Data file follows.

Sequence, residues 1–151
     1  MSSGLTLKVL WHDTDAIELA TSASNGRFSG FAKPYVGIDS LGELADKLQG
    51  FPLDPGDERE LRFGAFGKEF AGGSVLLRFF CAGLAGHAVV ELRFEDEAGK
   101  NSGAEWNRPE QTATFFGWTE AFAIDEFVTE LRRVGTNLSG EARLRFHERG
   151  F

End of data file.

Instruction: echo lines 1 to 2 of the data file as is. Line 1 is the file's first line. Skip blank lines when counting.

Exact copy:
Sequence, residues 1–151
     1  MSSGLTLKVL WHDTDAIELA TSASNGRFSG FAKPYVGIDS LGELADKLQG